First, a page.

Tonight is the premier of the new Ken Burns and Dayton Duncan documentary, The National Parks: America’s Best Idea. I have had the good fortune to see a few sneak previews of the six part series, and am eager to see the rest.
The first preview of the series I saw was a rough cut of the introductory monologue, which featured stunning videography from just a few of the 391 national parks and laid out the guiding idea behind the film. I was struck at how the Duncan tied the history of the national parks to our political, social, and individual identities as Americans.
This excerpt from the introduction on their website gets at some of these ideas, “The National Parks: America’s Best Idea is the story of an idea as uniquely American as the Declaration of Independence and just as radical: that the most special places in the nation should be preserved, not for royalty or the rich, but for everyone.” For Dayton Duncan and Ken Burns this idea is fundamental to our democratic spirit, and understanding the role of the parks in the history of America is key to understanding ourselves.
It’s fitting then, that this documentary capturing the uniquely American idea of public lands for all people, is premiering on America’s public television network, PBS. Just as our national parks are an articulation of democratic ideals, public broadcasting has since its founding sought to serve the democratic needs of our nation. Free Press (where I work) has argued that “The ideals of public broadcasting are deeply rooted in the principles of American democracy.”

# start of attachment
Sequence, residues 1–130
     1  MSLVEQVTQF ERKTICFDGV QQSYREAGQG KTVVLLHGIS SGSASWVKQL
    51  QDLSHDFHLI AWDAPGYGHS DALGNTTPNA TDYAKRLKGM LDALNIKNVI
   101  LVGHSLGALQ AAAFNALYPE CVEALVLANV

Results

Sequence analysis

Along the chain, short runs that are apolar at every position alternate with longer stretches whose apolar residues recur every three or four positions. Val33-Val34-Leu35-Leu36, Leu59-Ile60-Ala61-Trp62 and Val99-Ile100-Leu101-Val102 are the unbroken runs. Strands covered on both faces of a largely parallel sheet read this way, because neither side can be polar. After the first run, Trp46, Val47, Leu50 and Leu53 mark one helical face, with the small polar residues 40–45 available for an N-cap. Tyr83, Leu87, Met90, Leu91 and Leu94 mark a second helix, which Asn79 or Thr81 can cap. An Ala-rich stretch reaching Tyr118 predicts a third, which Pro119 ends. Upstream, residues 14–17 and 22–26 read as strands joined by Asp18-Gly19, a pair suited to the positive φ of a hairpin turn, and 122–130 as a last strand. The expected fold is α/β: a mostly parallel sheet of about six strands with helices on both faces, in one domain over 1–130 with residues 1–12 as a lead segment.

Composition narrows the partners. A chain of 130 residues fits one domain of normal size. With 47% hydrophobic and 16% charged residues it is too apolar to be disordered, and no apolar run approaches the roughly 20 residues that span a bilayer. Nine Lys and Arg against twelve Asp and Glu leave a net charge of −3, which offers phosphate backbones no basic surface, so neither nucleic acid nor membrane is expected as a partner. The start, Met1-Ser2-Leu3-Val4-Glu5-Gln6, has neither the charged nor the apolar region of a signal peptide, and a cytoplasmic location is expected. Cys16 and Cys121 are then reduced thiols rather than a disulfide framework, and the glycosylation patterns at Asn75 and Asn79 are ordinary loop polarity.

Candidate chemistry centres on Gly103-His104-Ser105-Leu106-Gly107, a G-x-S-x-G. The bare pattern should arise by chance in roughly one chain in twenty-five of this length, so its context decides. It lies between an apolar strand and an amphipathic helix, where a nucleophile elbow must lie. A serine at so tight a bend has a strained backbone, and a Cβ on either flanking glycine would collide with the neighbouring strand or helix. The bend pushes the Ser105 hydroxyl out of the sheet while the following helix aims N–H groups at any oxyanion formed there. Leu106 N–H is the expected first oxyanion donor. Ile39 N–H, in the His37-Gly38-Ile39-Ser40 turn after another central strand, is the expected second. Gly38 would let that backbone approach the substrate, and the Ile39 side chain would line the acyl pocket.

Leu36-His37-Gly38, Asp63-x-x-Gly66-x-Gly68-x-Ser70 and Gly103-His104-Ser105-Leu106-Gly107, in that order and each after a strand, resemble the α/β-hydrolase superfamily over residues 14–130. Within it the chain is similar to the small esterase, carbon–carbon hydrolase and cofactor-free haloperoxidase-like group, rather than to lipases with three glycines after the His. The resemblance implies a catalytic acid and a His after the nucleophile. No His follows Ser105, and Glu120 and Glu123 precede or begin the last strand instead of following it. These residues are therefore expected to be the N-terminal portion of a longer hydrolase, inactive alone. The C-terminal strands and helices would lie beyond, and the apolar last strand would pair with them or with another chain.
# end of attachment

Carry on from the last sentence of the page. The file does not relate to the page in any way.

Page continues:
In our report “Public Media’s Moment” Free Press describes the founding vision of public media as a “noncommercial, nonprofit and independent enterprise for providing the news, educational and children’s programming that enriches and informs a democratic citizenry, and it would provide the ‘public interest’ programming that [is] notably absent from commercial broadcasting.”
This documentary comes at a moment of profound change in both our environment and our media. While both are core to our democratic identity, both have suffered from neglect, inadequate funding, and bad policy decisions. Our national parks are facing enormous challenges related to climate change, pollution, and sprawl at the same time that budget cuts have left fewer staff managing more and more land and bad policies have hamstrung conservation efforts. The challenges facing our media are no less daunting. Decades of media consolidation (a result of bad policies) have gutted newsrooms, and as more vital news and information is shifting online still more than 30% of America is on the wrong side of the digital divide.
So what can this documentary, that sits at the intersection of media and conservation, tell us about how to respond to the challenges facing both?
In an interview about the film, Duncan wrote that: